Trotwood-Madison players taking OHSAA decision hard

The Trotwood-Madison High School boys basketball team celebrates as the buzzer sounds at the Division II state championship game at the Ohio State University Jerome Schottenstein Center in Columbus. Trotwood-Madison beat Columbus South 77-73 to win its first boys basketball state championship.

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The Trotwood-Madison High School boys basketball team celebrates as the buzzer sounds at the Division II state championship game at the Ohio State University Jerome Schottenstein Center in Columbus. Trotwood-Madison beat Columbus South 77-73 to win its first boys basketball state championship.

Rams denied chance to defend title as winter sports championships are cancelled

Rocky Rockhold got ahold of several of Trotwood-Madison seniors Thursday morning because he wanted to break the news with a phone call, not a text message. Most of the team, as well as other members of the coaching staff, did get a text.

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The seniors deserved something more, Rockhold thought, because the Ohio High School Athletic Association's decision to cancel the winter sports championships on Thursday ended their careers, derailing their chance to defend a state championship.

Rockhold wasn’t even sure what to tell the seniors to boost their spirits at such a low moment. The COVID-19 crisis has created uncertainty for everyone because there’s no guarantee it will pass anytime soon.

“It’s just hard,” he said. “The hard part is as a leader how do you put a spin on it so they feel positive, especially for the seniors. The underclassmen you can talk about how when you come back you’ll have something to work for. It was really hard for me to talk to Carl Blanton Jr. and Sammy Anderson.”

The Rams won the Division II championship last season with a 77-73 victory against Columbus South in the final. Anderson and Blanton started in the game and combined for 37 points. Keon'te Huguely, another key junior a year ago, added six points. Those three players were the team's leading scorers this season and led the Rams to a 24-2 record and a district championship.

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Trotwood-Madison beat Purcell Marian 74-63 on March 6 in Cincinnati and had no idea it would be its last game. It was scheduled to play Thurgood Marshall at UD Arena on March 12. That was the day sports stopped across the nation.

The OHSAA announced an indefinite suspension of the winter sports championships. The suspension became permanent Thursday, though spring sports remain postponed but not cancelled.

“We are just devastated that the tournaments cannot be completed,” said OHSAA Executive Director Jerry Snodgrass in a press release. “But our priority is the safety of our student-athletes, coaches, communities and officials. Governor Mike DeWine is asking all Ohioans to do everything they can to stop the spread of this virus. That request, along with our schools not being able to reopen for weeks, means that school sports cannot happen at this time. Even if our schools reopen this spring, it will be difficult to find facilities willing to host the tournaments. Most campuses are shut down until mid to late summer. We are already planning for ways that these student-athletes will be honored at next year’s state tournament.”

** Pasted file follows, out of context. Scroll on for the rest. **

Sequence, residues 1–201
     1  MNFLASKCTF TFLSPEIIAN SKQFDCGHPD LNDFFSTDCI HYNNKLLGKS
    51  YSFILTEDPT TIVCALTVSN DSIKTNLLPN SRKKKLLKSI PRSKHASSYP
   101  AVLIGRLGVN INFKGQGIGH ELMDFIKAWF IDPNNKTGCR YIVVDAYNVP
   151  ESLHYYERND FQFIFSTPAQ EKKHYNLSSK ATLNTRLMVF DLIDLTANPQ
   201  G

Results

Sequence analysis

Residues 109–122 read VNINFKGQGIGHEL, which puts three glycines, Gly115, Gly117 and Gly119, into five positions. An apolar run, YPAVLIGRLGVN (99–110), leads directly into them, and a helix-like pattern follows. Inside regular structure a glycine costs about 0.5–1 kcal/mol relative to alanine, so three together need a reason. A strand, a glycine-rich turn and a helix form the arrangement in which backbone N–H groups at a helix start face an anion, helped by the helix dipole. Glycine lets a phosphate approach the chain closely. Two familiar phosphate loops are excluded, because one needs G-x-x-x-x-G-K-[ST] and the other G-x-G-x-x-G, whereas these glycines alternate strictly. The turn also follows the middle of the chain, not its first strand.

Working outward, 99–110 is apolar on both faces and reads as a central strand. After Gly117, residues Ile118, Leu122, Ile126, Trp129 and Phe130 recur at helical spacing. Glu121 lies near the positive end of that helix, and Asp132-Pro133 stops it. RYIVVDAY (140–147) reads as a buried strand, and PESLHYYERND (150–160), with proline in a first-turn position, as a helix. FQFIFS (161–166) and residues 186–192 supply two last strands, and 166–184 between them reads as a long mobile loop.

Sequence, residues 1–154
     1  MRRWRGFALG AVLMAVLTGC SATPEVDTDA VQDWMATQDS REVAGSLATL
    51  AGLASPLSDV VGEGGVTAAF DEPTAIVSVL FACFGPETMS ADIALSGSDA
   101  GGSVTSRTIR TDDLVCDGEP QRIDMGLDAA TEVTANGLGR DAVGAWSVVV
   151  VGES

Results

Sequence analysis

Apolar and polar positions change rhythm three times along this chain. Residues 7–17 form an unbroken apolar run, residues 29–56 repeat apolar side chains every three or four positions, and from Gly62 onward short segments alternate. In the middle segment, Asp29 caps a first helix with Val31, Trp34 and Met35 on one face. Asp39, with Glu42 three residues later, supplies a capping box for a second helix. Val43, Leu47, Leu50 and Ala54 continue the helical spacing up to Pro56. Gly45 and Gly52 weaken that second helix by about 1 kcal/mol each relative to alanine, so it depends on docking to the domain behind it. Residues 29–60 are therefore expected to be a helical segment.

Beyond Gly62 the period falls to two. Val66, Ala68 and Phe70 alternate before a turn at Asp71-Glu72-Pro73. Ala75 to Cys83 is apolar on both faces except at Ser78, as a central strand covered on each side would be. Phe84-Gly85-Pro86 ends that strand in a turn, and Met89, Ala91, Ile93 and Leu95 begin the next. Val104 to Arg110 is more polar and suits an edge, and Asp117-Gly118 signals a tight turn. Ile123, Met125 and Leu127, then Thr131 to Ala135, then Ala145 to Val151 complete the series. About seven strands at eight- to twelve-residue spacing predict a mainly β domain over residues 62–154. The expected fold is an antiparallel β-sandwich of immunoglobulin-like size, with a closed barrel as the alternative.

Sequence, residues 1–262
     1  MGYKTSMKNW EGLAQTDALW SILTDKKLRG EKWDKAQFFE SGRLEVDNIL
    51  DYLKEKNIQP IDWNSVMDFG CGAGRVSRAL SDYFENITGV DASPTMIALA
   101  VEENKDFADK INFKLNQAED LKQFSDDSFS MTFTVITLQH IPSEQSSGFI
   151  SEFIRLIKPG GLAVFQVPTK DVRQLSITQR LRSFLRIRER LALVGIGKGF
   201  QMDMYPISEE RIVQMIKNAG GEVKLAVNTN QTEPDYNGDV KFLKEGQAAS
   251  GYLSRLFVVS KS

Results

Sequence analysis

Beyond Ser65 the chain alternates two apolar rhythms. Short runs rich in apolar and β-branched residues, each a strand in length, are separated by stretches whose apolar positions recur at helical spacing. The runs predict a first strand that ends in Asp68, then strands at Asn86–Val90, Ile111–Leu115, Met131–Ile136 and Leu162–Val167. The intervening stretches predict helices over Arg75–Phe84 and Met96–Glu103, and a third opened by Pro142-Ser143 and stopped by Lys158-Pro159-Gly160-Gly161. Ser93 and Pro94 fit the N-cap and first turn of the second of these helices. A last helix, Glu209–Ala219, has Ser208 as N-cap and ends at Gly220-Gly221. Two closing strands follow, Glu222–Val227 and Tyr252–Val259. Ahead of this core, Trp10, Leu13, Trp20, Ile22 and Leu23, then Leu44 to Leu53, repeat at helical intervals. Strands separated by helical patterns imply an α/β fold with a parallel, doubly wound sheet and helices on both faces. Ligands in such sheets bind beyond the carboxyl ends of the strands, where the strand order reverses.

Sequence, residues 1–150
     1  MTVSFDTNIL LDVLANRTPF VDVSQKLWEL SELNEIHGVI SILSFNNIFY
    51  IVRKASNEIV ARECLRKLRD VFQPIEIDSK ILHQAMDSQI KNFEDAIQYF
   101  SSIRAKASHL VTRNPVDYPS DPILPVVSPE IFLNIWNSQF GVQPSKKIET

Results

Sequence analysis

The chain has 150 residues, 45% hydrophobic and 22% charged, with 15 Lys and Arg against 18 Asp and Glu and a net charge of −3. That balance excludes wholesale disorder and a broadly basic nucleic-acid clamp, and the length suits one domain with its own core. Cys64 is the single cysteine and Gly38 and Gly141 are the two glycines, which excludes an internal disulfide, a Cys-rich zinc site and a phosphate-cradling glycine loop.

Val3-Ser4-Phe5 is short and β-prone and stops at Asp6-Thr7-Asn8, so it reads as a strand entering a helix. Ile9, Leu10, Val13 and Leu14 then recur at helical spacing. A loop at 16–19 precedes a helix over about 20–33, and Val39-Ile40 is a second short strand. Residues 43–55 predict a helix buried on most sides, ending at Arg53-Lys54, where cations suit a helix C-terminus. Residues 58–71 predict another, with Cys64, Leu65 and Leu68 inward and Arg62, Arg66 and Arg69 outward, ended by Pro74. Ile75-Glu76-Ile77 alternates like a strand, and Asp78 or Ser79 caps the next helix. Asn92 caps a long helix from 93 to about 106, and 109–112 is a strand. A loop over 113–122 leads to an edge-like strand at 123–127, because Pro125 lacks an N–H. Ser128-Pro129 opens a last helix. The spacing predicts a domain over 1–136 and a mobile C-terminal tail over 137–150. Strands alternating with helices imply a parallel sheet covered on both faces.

Even as hope dwindled of the winter sports championships continuing, Rockhold told his players to remain positive.

“The way we play, you’ve got to stay in shape,” he said. “If you go to them and say, ‘It’s probably not going to happen,’ they sit in the house and play video games and what not. This was our way of getting them to go out and do some running and try to get them to remain active.”

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The players did a good job of following that advice in recent weeks. The seniors kept tabs on the younger players, making sure they were exercising. Until the stay-at-home order became official, they gathered at the high school to run together. Then the school shut down everything.

The news announced Thursday confirmed what most people around the state expected, but it’s still heartbreaking for Trotwood-Madison and numerous other athletes in boys and girls basketball, wrestling and ice hockey. Lakota East, Alter, Stivers and Jackson Center also were still alive in boys basketball. Carroll, Anna, Minster and Fort Loramie were in the girls basketball state semifinals.

“Our kids are taking it really hard,” Rockhold said. “Especially Carl and Sammy and Keon’te. They’re just the heart and soul of our team, and they play with a confidence. They felt we had a chance to make it back and defend (the championship). That’s not to disrespect anyone we would have run into, but we felt we had a legitimate chance.”

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